Tuesday, May 03, 2011

Second twistiest

kw: weather phenomena, tornadoes, records

As my wife and I drove across Ohio and Indiana last Tuesday, 4/26/2011, we were listening to Kentucky radio stations and their almost continuous tornado warnings or reports. The following day, the 27th, we were able to hear a few more such reports, but went out of range before we got to Missouri. We were glad to be north of all the bad weather, but sorry for the people caught up in it, and we prayed for them. In more than 300 cases, the answer to such prayer was "No." That day marked the middle of a cluster of tornado outbreaks that may yet rival the Super Outbreak of 3/19/1974, the worst outbreak of the Twentieth Century. I have a few notes on that outbreak in a book review I wrote in 2007.

We did not know at the time the magnitude of the event. It may yet exceed some or all of the records set in 1974. The only record that is sure to stand is the 1925 record of nearly 700 killed by a single tornado, which also had a ground damage track nearly 220 miles (350 km) long. To compare:
  1. Tornadoes – 1974: 148 in 18 hours. 2011: 211 in 48 hours, but it is not known if more than 148 occurred in any single 24-hour period.
  2. Deaths – 1974: 300-330. 2011: 334 and counting, making it the second deadliest outbreak after the 1925 event.
  3. Ground track – 1925: 219 mi (352 km). 2011 (Tuscaloosa-Birmingham tornado): 80 miles, in a supercell that produced tornadoes over a 380-mile (610 km) path, but no single track that exceeded the T-B tornado.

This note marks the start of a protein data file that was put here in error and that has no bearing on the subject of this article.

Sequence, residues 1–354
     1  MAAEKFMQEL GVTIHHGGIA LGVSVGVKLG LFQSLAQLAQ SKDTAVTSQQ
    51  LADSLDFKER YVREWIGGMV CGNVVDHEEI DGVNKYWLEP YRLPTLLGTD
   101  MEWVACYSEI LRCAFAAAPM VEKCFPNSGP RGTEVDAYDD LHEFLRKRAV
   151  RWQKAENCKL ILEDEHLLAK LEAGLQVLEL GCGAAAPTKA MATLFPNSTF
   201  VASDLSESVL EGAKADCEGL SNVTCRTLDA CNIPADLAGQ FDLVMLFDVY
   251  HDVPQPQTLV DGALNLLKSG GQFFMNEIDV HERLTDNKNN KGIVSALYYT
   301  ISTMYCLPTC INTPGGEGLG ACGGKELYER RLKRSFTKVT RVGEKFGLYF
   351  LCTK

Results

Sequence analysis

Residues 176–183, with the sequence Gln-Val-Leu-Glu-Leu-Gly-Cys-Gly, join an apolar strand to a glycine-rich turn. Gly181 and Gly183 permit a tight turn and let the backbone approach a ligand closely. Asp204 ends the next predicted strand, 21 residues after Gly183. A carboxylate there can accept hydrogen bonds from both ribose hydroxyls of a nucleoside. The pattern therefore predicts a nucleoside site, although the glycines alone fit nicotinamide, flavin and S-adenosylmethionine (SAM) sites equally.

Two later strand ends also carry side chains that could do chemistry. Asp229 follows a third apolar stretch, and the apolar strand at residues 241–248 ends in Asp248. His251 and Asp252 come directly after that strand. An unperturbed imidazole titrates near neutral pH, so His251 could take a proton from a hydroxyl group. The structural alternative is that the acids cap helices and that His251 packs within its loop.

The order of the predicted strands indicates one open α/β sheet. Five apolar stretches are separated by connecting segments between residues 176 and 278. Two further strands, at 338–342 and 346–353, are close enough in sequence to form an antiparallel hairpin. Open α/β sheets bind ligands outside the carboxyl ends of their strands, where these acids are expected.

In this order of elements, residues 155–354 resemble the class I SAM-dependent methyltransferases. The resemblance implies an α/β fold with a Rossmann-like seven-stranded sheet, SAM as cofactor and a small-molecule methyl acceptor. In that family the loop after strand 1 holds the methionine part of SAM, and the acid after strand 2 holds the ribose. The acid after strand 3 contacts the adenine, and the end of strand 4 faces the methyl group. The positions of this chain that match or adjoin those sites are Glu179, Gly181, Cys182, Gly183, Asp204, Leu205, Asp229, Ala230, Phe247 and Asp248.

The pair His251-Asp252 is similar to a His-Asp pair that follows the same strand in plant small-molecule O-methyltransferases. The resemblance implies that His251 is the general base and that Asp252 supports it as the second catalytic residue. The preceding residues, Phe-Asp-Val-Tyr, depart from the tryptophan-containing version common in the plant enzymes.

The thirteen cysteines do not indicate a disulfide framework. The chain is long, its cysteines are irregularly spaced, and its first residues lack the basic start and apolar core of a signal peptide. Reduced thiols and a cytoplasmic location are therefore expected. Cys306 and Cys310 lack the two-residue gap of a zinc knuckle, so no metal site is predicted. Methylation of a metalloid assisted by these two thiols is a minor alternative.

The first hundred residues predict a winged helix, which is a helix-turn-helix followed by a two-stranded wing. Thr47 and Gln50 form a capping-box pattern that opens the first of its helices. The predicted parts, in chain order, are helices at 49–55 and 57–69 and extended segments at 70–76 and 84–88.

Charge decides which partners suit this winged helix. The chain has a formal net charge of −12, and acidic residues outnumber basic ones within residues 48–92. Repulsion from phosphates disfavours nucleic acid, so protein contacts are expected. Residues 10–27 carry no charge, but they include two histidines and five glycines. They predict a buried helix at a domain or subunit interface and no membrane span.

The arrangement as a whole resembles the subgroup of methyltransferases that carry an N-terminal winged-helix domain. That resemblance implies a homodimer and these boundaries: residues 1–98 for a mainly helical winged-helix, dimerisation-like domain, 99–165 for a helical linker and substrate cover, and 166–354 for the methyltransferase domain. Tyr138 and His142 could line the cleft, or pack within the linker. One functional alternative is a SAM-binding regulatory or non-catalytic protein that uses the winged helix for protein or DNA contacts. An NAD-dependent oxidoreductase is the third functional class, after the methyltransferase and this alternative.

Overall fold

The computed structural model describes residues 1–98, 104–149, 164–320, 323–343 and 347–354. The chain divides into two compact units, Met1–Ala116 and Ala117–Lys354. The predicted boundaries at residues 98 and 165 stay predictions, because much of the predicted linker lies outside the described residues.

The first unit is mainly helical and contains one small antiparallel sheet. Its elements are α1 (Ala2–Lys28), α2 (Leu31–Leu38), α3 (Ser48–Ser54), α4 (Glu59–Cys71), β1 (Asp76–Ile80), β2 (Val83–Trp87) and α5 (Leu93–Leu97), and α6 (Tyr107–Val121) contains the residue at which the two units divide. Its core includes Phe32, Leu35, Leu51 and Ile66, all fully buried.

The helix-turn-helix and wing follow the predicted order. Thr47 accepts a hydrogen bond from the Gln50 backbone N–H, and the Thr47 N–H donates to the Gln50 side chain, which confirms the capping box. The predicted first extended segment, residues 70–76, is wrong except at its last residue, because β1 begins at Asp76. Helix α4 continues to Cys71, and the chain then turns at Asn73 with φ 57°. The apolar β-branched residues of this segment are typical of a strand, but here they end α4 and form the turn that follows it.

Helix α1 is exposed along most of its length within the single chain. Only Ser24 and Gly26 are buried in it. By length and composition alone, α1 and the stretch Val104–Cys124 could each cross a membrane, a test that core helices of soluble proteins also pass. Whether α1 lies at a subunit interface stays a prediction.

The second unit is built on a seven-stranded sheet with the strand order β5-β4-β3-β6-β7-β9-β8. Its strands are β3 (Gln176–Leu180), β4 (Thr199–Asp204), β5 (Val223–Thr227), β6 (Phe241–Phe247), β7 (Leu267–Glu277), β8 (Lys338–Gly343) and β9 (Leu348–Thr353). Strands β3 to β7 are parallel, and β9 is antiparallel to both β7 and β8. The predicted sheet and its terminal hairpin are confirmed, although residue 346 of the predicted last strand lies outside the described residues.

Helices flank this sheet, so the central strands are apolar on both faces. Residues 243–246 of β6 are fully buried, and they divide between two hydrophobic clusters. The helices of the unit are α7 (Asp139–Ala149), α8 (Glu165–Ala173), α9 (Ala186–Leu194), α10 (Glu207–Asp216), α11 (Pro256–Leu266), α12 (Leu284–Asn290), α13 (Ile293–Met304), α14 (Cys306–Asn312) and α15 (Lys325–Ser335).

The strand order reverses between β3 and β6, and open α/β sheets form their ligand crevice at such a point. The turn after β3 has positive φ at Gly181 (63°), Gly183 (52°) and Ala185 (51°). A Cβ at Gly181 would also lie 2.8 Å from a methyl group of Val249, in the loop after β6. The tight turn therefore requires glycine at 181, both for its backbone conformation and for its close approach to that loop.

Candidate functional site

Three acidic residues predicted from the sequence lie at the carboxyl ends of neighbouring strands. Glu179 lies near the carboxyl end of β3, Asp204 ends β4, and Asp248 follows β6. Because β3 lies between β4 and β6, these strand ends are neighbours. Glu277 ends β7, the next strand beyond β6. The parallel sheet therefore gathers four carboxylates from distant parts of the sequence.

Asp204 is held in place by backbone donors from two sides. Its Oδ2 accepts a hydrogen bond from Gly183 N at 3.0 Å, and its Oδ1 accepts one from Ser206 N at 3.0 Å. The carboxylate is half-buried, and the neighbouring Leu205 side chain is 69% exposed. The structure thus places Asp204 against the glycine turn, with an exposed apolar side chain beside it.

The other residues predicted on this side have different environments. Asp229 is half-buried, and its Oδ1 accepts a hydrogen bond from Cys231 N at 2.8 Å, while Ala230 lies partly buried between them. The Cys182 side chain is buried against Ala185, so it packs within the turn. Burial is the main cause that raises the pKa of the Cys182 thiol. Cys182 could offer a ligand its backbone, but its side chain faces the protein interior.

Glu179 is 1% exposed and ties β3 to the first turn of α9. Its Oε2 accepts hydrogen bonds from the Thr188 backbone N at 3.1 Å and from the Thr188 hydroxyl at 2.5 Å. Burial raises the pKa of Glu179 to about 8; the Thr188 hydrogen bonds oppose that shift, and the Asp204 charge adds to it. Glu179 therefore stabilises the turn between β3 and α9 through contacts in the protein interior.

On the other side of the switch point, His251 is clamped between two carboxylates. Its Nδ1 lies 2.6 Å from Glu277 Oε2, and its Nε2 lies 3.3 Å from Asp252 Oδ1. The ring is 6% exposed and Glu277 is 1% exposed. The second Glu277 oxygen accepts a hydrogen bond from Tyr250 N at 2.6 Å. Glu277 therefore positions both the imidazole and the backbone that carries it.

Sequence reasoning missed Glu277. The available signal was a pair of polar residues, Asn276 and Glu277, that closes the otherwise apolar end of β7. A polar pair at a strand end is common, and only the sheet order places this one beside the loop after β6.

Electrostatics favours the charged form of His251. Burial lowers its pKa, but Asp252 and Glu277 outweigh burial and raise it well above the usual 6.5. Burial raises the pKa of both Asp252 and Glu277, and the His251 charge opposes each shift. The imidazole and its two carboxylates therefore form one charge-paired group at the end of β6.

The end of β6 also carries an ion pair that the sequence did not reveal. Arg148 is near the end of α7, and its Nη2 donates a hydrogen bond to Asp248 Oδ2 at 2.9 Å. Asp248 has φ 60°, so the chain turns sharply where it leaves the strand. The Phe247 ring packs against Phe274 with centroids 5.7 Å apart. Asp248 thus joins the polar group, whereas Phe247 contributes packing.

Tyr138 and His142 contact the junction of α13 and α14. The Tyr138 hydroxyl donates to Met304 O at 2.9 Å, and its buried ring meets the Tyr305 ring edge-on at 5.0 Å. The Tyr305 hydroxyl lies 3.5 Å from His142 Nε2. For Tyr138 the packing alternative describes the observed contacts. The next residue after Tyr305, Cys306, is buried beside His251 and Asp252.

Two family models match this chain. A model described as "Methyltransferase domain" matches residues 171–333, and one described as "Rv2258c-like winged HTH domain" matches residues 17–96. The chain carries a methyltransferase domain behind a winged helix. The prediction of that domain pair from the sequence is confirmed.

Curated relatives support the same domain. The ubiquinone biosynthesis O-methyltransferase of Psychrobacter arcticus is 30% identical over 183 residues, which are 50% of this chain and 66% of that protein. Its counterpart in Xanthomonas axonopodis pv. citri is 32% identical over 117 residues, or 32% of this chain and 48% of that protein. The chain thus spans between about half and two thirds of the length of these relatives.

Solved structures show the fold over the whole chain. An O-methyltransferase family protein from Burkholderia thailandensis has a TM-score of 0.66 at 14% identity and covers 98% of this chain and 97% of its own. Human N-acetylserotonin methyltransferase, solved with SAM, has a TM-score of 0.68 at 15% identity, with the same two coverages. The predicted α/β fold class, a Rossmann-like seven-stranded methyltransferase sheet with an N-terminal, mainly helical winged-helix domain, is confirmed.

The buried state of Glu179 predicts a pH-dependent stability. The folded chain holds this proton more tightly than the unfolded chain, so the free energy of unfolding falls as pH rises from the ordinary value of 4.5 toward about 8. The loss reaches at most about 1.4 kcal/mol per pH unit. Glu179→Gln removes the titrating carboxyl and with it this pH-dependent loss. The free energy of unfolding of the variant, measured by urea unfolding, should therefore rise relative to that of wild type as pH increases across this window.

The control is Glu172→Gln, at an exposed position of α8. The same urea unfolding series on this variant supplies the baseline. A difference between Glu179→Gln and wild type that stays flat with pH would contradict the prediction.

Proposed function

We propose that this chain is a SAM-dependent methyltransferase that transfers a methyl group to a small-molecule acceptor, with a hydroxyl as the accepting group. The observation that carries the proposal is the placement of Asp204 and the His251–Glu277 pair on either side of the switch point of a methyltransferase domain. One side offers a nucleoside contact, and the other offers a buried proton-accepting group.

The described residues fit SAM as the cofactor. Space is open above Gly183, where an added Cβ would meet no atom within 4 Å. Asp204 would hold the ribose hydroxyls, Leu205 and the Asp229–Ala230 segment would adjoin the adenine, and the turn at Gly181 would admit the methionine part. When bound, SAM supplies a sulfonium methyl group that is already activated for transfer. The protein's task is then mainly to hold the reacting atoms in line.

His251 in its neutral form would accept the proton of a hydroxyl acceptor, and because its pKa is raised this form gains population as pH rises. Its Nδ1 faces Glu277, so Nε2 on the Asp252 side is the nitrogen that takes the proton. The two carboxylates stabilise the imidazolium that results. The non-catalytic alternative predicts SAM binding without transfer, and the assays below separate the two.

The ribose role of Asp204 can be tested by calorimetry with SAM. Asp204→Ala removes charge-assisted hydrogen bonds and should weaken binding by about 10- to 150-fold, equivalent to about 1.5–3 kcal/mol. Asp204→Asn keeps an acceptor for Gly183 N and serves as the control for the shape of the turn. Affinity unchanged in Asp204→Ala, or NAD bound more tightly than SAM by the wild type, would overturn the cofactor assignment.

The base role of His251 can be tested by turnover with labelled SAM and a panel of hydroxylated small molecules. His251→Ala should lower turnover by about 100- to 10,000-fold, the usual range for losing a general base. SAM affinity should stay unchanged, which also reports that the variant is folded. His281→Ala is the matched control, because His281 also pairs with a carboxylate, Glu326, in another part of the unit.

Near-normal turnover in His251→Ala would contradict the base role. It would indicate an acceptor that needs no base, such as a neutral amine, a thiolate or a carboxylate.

The Tuscaloosa-Birmingham tornado may also be the second widest recorded. Its damage track is 1.5 miles (2.4 km) at its widest, while the huge Wilber-Hallam tornado of May 22, 2004 was 2.5 miles (4 km) at its widest. Such tornadoes are almost as wide as they are tall; their tops are typically at an altitude of 3-4 miles (5-6.5 km) above the ground surface. The dynamics of such storms begin to approach those of hurricanes, which are considerably wider than they are tall.

There are the inevitable questions about global warming. One set of events does not necessarily signal a trend, but it is true that a warmer climate will have more energy available for producing extreme weather. The climate certainly is warming up, and human additions to the greenhouse gas budget are now known to be a factor. There is a price to pay for revving up Mother Nature!

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